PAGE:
Logo’s Trailblazers special on June 26 honors those in the LGBT community who have forged a path for the rest of us to follow. So its only fitting the hourlong event is being filmed at the Cathedral Church of St. John the Divine in Harlem, the mother church of the New York Episcopal diocese and one of New York’s most LGBT-friendly houses of worship.
Built at the turn of the 20th century, St. John’s has always fostered a progressive community: In the 1960s, services were held advocating for civil rights and against the Vietnam War. Consecration ceremonies have been held for female priests and bishops, and sculptures in the church honor social-justice icons including Abraham Lincoln, Susan B. Anthony, Gandhi and Martin Luther King, Jr.
The church has also been a pioneer when it comes to the LGBT community: Even before New York passed the Marriage Equality Act in 2011, St. John the Divine welcomed gay and lesbian couples, and has held a Pride celebration, Spirit of Pride, for years. After marriage equality came to New York, St. John’s was one of the first religious venues to perform same-sex marriages.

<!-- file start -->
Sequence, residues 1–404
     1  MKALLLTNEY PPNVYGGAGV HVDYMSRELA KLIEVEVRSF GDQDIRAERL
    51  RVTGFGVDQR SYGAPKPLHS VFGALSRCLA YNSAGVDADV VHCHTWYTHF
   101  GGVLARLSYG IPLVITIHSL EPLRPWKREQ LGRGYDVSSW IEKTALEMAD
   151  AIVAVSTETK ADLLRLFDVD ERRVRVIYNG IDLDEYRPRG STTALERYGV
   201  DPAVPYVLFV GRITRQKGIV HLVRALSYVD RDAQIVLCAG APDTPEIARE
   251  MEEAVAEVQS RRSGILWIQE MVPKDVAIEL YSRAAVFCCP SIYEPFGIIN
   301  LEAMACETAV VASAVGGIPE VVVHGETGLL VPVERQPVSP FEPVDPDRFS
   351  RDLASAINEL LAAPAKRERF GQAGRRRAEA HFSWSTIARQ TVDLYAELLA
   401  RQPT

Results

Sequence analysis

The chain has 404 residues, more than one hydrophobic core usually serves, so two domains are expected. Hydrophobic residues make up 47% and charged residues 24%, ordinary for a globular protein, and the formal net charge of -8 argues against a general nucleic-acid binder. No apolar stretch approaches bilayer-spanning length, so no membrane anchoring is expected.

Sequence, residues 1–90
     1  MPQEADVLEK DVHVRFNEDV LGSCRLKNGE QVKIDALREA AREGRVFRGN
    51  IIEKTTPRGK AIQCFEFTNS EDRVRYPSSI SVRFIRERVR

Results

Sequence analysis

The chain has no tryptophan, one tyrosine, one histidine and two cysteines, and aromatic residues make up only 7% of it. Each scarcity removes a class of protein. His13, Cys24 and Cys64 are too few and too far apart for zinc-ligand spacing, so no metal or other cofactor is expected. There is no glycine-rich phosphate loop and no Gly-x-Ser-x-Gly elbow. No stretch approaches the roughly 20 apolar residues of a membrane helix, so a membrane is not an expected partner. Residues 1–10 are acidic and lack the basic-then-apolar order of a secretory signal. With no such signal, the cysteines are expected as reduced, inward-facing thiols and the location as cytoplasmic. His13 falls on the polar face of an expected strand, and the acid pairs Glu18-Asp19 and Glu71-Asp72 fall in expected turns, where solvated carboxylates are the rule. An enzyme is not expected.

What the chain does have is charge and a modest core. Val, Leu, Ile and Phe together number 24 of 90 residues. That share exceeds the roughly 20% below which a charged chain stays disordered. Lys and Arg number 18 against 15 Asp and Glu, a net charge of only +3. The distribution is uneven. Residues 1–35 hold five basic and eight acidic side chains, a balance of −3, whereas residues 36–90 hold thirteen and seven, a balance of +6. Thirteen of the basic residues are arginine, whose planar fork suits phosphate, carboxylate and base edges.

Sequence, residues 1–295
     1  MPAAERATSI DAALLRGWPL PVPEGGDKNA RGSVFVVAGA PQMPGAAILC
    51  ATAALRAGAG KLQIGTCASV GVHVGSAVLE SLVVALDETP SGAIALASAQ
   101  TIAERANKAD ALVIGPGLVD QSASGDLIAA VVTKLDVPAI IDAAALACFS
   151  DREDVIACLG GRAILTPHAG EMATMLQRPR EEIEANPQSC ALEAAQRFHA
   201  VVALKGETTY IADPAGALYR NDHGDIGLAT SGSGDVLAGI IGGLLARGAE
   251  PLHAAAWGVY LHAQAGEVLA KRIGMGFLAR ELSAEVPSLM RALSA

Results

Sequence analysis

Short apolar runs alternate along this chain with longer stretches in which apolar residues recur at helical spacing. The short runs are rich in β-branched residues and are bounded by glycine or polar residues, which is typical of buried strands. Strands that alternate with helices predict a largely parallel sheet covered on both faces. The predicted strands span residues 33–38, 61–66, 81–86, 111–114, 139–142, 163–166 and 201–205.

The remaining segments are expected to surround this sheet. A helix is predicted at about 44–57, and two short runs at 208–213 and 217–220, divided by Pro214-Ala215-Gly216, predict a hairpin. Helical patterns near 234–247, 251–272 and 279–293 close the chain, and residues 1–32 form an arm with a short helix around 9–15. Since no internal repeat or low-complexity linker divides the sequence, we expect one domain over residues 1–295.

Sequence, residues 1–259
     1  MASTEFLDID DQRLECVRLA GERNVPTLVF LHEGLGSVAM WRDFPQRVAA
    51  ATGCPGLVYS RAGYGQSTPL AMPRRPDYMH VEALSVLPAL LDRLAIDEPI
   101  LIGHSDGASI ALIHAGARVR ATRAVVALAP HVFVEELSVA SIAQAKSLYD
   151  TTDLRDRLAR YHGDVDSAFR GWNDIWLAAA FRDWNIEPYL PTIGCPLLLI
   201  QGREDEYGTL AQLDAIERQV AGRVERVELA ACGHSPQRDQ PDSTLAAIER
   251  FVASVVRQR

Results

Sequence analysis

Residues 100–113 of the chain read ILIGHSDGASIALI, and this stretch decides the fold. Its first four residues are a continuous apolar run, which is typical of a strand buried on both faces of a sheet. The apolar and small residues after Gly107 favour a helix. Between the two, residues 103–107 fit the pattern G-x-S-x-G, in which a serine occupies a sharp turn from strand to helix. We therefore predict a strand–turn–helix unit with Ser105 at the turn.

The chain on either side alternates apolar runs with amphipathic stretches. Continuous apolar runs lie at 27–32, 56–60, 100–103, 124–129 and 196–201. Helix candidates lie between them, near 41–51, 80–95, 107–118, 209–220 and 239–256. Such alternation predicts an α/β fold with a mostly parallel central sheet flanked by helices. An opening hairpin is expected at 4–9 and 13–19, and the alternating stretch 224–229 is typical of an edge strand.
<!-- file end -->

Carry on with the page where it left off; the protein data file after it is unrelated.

LGBT clergy have long been welcome at the church and Bishop Gene Robinson—the first openly gay Episcopalian bishop—debuted God Believes in Love: Straight Talk About Gay Marriage with a talk at the church. St. John’s has
also hosted the New York City Gay Men’s Chorus and other LGBT choral and community groups.
One of Keith Haring’s final works, the triptych altarpiece Life of Christ (right) is located in the Cathedral’s Saint Savior Chapel. Featuring Haring’s faceless angels etched in bronze and white gold, the altarpiece was completed just weeks before the artist succumbed to AIDS in 1990.
Each year, the Cathedral holds a World AIDS Day Service of Remembrance and the National AIDS Memorial Book of Remembrance has a permanent home at St. John.
To learn more about this iconic edifice, take one of the Cathedral regular tours, which offer insightful tidbits about its history, architecture and art. Or simply check out one of its daily services. True to form, they are some of the city’s most welcoming.
Take a photo tour of St. John the Divine here.